Understanding the limitations of mathematics to predict the future: Ronald Meester at TEDxLeiden


Before you watch the TEDx talk, here is one important question. What is the similarity of:

1. A dike designed to withstand a very huge, catastrophic flood with a probability rate 1 : 1000, or which means, a catastrophe can only happen once in a thousand years?

2. A news article which reports that many children born in 21st century will live up to 100 years old?

3. A computational model which can ‘accurately’ predict that a political party’s program, on certain measurements, can either increase or decrease 50,000 votes for every step it takes?

The answer: all these mathematical models are thoroughly false. Full stop.

Reality is not as simple as mathematical models can always predict about every decision we make. One of the most fundamental flaws in it, despite its overpowering usefulness in modern technologies (like Google), is that it can’t make uncertainties certain. Engineers can proudly say that the dike they design can withstand a flood for a millennium, but who knows if God, universe, or aliens you name it, decide to play dices with our fate? That’s where, even our most sophisticated knowledge of mathematics, becomes greatly fallible.

Ronald Meester, a statistics expert, gives this TEDx talk with one very simple, yet abyssal, message: we can’t predict the future. Accept the uncertainties. Full stop. Listen to his talk and think deeper.

An algorithmic method to win Oscars (or Razzies, I fear)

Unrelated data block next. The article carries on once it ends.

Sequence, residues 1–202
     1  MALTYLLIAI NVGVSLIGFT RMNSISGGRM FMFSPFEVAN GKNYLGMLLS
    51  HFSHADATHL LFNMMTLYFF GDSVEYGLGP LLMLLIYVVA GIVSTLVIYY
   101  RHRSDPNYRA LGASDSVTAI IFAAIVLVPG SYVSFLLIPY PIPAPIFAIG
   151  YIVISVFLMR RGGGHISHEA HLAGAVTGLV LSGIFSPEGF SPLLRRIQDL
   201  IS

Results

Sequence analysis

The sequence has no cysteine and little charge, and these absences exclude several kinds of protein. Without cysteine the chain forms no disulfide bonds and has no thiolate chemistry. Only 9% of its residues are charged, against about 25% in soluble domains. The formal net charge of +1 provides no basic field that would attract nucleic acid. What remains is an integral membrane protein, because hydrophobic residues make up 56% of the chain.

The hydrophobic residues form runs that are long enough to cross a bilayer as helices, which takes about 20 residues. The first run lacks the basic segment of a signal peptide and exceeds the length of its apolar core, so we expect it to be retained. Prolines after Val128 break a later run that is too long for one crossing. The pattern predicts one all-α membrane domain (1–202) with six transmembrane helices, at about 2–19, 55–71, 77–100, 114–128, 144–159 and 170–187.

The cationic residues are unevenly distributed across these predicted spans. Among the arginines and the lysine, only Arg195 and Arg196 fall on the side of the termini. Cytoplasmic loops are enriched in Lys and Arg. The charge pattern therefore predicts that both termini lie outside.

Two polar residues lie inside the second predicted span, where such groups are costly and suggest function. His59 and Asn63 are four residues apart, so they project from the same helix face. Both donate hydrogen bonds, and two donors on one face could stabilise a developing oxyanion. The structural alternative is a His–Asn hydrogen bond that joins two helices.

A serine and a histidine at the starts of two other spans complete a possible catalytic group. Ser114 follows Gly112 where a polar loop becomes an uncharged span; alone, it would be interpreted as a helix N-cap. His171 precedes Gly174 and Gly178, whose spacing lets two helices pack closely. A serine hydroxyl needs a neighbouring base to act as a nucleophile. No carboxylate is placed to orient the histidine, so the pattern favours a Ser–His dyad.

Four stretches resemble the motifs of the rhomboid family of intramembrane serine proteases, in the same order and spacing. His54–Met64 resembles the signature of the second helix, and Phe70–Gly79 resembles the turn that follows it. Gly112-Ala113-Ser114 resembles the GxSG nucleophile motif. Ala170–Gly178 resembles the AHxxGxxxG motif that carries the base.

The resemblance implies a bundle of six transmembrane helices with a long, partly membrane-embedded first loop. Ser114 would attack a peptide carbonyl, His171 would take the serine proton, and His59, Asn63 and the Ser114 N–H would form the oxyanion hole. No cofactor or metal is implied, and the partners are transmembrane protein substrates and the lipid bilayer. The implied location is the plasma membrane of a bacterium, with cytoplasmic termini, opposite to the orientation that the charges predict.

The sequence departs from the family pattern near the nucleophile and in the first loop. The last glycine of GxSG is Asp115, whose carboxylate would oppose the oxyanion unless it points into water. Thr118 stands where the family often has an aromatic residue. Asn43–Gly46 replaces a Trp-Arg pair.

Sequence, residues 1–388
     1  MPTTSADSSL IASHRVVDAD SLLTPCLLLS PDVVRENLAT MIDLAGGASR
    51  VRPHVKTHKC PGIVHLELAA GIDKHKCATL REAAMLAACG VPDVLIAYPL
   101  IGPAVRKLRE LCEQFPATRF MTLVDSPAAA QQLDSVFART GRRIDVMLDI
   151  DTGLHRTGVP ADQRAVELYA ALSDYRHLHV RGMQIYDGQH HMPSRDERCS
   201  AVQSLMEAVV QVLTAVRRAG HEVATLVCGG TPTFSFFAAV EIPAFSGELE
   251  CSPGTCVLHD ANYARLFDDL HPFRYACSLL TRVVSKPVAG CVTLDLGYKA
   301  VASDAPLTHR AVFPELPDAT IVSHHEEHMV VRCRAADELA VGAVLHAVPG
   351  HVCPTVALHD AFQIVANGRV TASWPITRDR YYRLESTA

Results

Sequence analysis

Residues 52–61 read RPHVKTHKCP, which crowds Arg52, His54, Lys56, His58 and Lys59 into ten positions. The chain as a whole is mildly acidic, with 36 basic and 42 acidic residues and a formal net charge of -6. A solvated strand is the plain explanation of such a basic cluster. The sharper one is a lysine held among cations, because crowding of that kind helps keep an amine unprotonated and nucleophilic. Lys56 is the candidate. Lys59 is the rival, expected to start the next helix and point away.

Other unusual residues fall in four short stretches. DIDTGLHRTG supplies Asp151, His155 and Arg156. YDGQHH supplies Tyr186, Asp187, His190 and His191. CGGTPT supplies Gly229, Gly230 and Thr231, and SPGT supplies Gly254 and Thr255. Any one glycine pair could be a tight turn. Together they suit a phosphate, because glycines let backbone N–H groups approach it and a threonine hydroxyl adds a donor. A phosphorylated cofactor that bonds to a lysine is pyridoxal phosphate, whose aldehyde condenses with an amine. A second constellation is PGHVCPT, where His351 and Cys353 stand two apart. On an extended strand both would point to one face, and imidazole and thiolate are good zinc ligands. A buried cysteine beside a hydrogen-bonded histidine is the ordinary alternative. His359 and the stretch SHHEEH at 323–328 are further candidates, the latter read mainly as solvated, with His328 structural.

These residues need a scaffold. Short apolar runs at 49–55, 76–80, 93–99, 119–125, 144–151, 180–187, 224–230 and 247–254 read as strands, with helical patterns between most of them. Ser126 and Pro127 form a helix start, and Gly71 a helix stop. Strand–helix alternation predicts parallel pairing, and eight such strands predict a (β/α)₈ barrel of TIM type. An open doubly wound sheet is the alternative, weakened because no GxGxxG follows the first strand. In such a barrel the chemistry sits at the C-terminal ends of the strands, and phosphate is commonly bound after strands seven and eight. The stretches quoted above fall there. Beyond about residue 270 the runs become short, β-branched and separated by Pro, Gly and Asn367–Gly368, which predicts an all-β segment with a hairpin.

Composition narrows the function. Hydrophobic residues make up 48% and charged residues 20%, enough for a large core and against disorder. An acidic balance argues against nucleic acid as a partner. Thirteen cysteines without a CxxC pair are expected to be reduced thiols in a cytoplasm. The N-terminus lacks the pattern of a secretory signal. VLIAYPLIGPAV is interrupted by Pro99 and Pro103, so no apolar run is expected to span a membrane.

random oscar


Ambitious enough to win an Oscar? This Time Entertainment’s algorithmic system can let you build any possibilities.

Taking over 240 Best Picture winners and nominees from 1970s to present, altogether with over 12,000 different tags (as found on Internet Movie Database, or IMDB), this so-called ‘Random Oscar Winner Generator’ enables you to imagine billions, even trillions, of possible plot twists resulting from the combination of all those different tags, although some results may turn out to be irrational (or more possibly, Golden Raspberries-worthy), for example:

1. Genocide, sex, and writing collide for a gay lover in 17th century Brooklyn

2. Love, sex, and sadism collide for an evil emperor and a German gay general in 1940s Washington, D.C. (like something out of a gay porn, I suspect?)

3. Anti-semitism, friendship and prejudice collide in England for an American prime minister, a Jewish witness and an African-American

But some results are pretty much Oscar-worthy, for instance:

1. A piano player in 1950s Rome faces existentialism, infidelity, and unfaithfulness

2. Hope, honor and self discovery resound in Rome for a warden, a prisoner and a mistress

3. Hate, death and love confront a Chinese-American domineering father and a child in peril in the 1960s

Start the game here: The Random Oscar Winner Generator

With billions and trillions of probabilities, I wish you sincere good luck!